It extends over the upper valleys of the Rion, Ingur and Tskhenis-tskhali, and is included in the modern government of Kutais.
The chief rivers are the Rion, which enters the Black Sea at Poti; the Chorokh, which enters the same sea at Batum; and the Ingur, the Kodor and the Bzyb, also flowing into the Black Sea in Abkhasia.
Besides the Bokovoi Khrebet several other short subsidiary ranges branch off from the main range at acute angles, lifting up high montane glens between them; for instance, the two ranges in Svanetia, which divide, the one the river (glen) Ingur from the river (glen) Tskhenis-Tskhali, and the other the river (glen) TskhenisTskhali from the rivers (glens) Lechkhum and Racha.Down all these glens glacier streams descend, until they find an opportunity to pierce through the flanking ranges, which they do in deep and picturesque gorges, and then race down the northern slopes of the mountains to enter the Terek or the Kuban, or down the southern versant to join the Rion or the Kura.
In the Laila, and limiting the great parallel basins of the Rion, Ingur and Skenis Shari [= Tskhenis-Tskhali] ..."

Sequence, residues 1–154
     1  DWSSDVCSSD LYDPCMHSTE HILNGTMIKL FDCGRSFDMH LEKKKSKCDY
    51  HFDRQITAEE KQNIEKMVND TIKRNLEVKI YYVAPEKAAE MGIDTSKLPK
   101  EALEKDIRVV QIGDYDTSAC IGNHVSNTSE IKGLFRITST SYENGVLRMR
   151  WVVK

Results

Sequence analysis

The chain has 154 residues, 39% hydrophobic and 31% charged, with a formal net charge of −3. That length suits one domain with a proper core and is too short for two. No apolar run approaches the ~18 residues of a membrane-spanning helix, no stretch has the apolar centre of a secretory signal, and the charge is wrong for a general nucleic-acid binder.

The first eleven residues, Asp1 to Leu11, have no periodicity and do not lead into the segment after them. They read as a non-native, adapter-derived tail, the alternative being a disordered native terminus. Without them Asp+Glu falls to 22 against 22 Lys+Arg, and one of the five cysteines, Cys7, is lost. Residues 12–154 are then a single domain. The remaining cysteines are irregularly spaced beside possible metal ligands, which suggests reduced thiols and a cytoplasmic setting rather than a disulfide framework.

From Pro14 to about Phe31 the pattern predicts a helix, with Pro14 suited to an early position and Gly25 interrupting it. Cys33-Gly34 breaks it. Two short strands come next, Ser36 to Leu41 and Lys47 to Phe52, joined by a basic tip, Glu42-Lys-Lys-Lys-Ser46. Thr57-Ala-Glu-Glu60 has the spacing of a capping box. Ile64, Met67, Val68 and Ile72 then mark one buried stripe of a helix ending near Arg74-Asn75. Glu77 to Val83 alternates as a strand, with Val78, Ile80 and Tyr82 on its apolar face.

The most frequented pass in Svanetia is that of Latpari (9260 ft.), situated in the first of the southern subsidiary ranges mentioned above, and thus connecting the valley of the Ingur with the valley of theTskhenis-Tskhali.
Arid upland plains and parched hillsides take the place of the rich verdure and luxuriant arborescent growth of Imeretia, Svanetia and Mingrelia, the districts which occupy the valleys of the Ingur and Rion and the tributaries of the latter.
The Ingur, TskhenisTskhali, Rion and its tributaries (e.g.th.e Kvirila) are longer, but also in part torrential; they drain the great glacier region between Elbruz and Kasbek.